Albania's Hard Road


When one remembers that Mussolini's forces invaded and occupied little Albania in April 1939, thus condemning it to half a century of isolation that is coming to its end with the restoration of relations with the United States Friday, the conduct of Italian authorities toward Albanian refugees is an outrage.

Some 20,000 would-be emigres, who commandeered Albanian merchant ships a fortnight ago and sailed the 75 miles to Brindisi, were left to shiver on the docks, go hungry and live amid deplorable sanitary conditions. The slowness of the Italian government to give them succor was rightly condemned by the pope, by opposition parties and by townspeople who tried to get them food and clothing. As a fitting rebuke to Rome, 1,500 disillusioned Albanians voluntarily sailed home.

Life has almost always been difficult for the Albanians. Through the centuries they have been ruled by Romans, Turks, Serbs and Italians, by dictators, fascists and communists, with a golden period only between 1920 and 1924 of relatively benign self-government. Thrown into the caldron of Balkan politics, Albania was inexorably caught up in the two World Wars. Its claim to the Kossovo province of Yugoslavia, populated predominantly by Albanians, creates an awkward mix between its own drive for a more democratic system and the centrifugal forces tearing away at Yugoslavia.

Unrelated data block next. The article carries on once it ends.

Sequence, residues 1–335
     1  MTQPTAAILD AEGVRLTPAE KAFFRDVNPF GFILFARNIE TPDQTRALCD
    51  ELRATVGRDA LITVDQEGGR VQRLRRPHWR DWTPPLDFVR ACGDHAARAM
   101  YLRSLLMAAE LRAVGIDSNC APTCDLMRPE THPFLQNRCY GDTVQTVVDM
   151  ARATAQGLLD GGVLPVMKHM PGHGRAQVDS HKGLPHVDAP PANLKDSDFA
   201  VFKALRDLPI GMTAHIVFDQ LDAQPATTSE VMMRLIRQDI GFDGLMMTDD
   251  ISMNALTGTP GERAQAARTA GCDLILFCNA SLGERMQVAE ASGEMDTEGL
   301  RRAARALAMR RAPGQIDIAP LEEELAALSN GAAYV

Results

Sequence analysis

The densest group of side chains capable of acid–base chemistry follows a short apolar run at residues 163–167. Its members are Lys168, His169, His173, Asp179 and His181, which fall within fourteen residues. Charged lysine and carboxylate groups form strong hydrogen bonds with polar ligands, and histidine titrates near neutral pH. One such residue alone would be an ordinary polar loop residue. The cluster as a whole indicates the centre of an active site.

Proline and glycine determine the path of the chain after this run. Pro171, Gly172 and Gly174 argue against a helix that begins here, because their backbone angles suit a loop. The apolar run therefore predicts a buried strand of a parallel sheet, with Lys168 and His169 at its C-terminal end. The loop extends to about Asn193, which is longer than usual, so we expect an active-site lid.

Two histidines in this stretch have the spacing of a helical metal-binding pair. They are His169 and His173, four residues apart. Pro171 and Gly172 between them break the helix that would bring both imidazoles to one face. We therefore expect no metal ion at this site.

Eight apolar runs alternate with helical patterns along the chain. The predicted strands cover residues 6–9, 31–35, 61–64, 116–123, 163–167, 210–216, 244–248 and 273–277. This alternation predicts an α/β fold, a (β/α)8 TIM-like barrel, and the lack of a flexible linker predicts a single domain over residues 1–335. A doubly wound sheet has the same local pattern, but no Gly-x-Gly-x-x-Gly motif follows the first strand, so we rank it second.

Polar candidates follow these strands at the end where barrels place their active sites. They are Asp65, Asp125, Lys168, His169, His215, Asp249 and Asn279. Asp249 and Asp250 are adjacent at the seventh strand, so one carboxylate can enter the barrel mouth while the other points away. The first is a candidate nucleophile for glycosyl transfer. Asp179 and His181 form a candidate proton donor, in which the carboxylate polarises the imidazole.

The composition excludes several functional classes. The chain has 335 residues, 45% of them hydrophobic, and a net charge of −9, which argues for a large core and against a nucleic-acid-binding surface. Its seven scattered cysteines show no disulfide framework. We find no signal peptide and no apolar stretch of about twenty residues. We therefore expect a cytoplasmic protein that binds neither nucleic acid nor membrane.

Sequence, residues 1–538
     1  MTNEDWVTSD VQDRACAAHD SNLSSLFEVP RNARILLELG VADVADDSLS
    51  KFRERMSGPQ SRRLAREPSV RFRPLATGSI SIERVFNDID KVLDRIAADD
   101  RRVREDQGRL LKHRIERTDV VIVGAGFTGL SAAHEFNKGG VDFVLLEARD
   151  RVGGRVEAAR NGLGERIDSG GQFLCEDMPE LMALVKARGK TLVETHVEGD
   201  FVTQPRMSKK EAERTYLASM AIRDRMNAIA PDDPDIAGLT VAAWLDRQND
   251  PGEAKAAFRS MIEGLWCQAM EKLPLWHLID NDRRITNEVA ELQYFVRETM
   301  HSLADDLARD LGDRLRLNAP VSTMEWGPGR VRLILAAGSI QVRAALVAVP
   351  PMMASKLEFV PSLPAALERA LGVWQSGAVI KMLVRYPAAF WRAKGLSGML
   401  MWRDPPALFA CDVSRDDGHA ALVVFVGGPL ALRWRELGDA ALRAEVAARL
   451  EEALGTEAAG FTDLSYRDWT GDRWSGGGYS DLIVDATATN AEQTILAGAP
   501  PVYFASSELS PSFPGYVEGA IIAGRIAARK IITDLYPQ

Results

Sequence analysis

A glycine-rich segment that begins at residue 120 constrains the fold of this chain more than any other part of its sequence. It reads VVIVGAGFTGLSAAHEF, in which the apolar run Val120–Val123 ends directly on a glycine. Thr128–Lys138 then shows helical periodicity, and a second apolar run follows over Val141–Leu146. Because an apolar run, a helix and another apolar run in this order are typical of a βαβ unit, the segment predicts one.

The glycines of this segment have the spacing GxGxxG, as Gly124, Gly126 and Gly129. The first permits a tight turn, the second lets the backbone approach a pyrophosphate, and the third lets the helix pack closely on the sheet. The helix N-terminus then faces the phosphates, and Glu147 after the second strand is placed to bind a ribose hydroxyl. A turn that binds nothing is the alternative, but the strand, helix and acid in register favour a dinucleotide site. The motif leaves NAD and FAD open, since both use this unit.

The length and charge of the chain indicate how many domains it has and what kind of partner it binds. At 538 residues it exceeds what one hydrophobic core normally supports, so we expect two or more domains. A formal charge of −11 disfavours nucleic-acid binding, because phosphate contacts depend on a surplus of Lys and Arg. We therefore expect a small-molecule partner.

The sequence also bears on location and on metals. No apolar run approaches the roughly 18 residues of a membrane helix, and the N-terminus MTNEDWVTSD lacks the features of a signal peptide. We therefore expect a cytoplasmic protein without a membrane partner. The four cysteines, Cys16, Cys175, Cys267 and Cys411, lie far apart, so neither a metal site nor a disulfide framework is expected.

For years, Stalinist regimes in Tirana, the Albanian capital, shunned all their neighbors in Europe, not only the Western democracies but the Soviet bloc after the Khrushchev reforms. Only China at its most repressive was its ally. Later, the breakdown of the Soviet system in Eastern Europe, ricocheted from Hungary and Romania into Yugoslavia and then into Albania, the last outpost.

Under popular pressure, the government headed by Ramiz Alia has scheduled supposedly free elections for March 31, says it is releasing all political prisoners and is opening diplomatic relations with Washington and other world capitals. Its aim, however, is to retain Communist leadership.

Americans had great sympathy with the 3 million Albanians after Benito Mussolini took over his little neighbor in a fashion later to be emulated by Saddam Hussein in Kuwait. In both instances, the aggressor countries cited historic claims to overlordship. Now that the Albanian people are getting a small measure of democracy and perhaps even the hope of better living standards, they can be sure of the good will of the American people.

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